Want to increase your readership? Forget about Twitter and stop posting so many stories, says the Telegraph

Reading newspapers

In the arms race that is the social web, every publisher large or small is trying whatever weapons they can find to rise above the noise and increase their readership: some, like The Independent or the Daily Mail, have chosen to go the clickbait route and try to duplicate the success of ViralNova or BuzzFeed. But Jason Seiken, editor-in-chief of Telegraph Media Group, says the newspaper publisher has seen a significant increase in readership by doing two somewhat surprising things: paying less attention to Twitter, and posting fewer stories.

Seiken told The Guardian that the site saw a 20-percent increase in traffic in June, with daily unique browsers hitting almost 4 million, and he attributed this jump to some of the strategies the newspaper has been focusing on over the past few months — including developing the paper’s Facebook audience, which has almost tripled in size to 1.6 million, rather than focusing on Twitter.

The Telegraph executive said that in the past, the paper had not spent as much time on a Facebook strategy because of what he called an obsession among journalists with using Twitter. “Journalists are all on Twitter, and obsessed with it, so that is where the energy had gone,” he said. “An assumption had been made without looking at data” on where readers were actually coming from.

“We have found that for every minute put into promoting something on Facebook, we get a significantly larger traffic boost than we do from Twitter. We still put energy into Twitter, but since there is a bigger bang for effort we put more into Facebook.”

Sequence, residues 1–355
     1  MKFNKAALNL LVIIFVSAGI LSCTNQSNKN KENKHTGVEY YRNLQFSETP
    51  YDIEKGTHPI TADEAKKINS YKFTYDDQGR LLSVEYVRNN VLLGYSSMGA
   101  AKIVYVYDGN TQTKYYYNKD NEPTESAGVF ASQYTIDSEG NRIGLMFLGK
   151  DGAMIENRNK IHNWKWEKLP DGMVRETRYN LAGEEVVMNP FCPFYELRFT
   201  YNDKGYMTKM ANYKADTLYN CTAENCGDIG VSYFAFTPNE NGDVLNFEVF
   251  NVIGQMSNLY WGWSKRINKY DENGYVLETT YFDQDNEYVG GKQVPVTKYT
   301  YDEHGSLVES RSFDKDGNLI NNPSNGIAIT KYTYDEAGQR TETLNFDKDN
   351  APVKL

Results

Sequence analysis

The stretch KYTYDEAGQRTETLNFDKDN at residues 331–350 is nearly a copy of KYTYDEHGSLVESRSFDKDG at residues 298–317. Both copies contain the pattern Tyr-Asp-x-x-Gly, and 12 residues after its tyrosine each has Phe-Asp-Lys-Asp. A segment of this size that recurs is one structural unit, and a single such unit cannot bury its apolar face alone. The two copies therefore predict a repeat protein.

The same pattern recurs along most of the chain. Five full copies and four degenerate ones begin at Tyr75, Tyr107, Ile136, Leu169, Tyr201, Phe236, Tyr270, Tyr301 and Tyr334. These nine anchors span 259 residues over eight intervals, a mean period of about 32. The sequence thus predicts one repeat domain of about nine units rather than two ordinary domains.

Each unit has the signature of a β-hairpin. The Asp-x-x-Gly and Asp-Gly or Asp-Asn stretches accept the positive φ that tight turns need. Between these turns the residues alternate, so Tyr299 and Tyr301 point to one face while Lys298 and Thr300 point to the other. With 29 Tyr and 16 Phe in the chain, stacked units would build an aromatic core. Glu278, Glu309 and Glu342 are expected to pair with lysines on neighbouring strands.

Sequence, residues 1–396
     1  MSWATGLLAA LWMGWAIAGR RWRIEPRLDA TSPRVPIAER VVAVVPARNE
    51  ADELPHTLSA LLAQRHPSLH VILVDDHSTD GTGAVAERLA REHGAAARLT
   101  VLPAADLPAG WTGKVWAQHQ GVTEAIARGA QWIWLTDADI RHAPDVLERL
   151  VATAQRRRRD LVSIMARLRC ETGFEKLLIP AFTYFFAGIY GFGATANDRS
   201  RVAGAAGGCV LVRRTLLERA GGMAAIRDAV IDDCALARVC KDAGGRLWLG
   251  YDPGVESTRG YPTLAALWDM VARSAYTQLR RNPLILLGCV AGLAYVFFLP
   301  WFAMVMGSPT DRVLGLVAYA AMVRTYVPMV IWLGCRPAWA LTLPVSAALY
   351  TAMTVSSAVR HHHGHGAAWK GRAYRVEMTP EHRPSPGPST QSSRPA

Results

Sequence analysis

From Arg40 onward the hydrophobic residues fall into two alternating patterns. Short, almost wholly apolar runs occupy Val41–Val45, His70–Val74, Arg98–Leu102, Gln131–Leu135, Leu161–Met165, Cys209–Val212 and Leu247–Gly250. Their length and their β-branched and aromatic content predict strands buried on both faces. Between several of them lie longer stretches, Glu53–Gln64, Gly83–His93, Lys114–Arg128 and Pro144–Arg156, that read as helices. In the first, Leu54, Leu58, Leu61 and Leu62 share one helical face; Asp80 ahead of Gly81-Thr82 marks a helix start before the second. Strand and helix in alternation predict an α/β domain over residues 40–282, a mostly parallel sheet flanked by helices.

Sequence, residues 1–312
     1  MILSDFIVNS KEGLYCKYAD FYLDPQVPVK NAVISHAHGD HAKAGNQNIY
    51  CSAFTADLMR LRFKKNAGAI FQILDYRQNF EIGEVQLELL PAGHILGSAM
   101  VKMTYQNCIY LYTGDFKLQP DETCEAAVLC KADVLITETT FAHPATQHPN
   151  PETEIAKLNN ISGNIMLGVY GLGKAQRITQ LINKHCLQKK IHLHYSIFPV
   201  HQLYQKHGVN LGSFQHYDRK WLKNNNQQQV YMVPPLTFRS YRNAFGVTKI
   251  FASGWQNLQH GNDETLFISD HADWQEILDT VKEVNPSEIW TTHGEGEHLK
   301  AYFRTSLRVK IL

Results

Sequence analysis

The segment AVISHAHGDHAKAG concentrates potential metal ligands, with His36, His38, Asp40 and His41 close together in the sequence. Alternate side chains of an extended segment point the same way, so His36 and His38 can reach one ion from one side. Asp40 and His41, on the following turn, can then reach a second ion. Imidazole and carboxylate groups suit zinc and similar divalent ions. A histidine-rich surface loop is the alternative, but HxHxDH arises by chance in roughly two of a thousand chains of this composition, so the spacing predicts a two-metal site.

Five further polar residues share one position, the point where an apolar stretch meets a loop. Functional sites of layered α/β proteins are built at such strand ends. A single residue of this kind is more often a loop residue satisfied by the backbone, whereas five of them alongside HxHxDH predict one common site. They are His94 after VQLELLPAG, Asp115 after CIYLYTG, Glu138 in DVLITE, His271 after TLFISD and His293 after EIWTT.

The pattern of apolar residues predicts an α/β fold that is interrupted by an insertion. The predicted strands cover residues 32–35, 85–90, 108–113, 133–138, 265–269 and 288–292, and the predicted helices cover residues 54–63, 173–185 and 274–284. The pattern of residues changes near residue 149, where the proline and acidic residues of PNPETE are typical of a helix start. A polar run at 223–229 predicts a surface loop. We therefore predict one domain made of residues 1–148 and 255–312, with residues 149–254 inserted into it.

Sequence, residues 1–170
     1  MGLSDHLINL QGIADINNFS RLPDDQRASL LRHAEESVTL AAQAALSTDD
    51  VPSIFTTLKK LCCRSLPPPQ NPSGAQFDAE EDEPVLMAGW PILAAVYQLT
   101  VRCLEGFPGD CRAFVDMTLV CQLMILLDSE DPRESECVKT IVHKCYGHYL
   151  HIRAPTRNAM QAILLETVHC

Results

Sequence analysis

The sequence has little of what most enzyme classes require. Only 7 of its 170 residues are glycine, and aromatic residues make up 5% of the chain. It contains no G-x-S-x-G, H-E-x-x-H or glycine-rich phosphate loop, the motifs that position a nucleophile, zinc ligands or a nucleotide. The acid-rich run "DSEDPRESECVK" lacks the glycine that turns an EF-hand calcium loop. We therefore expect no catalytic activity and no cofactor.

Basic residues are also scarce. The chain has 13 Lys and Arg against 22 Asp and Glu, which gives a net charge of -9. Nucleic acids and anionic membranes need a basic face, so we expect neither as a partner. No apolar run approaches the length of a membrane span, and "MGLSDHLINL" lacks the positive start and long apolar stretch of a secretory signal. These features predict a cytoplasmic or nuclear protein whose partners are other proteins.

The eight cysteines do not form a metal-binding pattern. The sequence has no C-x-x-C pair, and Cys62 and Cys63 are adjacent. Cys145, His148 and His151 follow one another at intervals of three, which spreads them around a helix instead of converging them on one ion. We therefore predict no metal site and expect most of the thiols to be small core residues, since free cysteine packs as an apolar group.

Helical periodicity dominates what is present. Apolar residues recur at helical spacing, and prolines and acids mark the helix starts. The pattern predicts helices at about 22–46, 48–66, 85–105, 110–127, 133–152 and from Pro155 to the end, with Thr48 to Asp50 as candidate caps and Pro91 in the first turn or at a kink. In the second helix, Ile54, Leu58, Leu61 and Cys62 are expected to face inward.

Post fewer stories, not more

Interestingly enough, Seiken said the Telegraph had also been deliberately reducing the number of stories it posted, and focusing instead on putting more resources into fewer pieces. “We actually created that huge traffic jump in June producing fewer stories, not more,” he told The Guardian, adding that the paper had changed the way the newsroom worked in order to become more efficient. “Seemingly mundane things make a huge difference – things such as better planning, more creative story conferences, and using audience data to decide what to stop doing.”

The editor-in-chief also noted that the Telegraph was encouraging its reporters and editors to become more web-focused, by “getting stories online quickly instead of waiting for the paper, and writing headlines that will do well in search.” And Seiken said the paper had had significant success with a venture called Project Babb, which was designed to be a departure from the Telegraph‘s usual style of writing about sports, and got a substantial amount of traction with younger audiences. But he said the paper had no intention of trying to copy BuzzFeed.

“If I were going the route of BuzzFeed – aiming purely for traffic growth – it would be fairly easy to double Telegraph traffic overnight by going down the click bait and sensationalism path. I’m not saying that in a derogatory way. But that’s not the Telegraph.”

Post and thumbnail images courtesy of Thinkstock / Darrin Klimek

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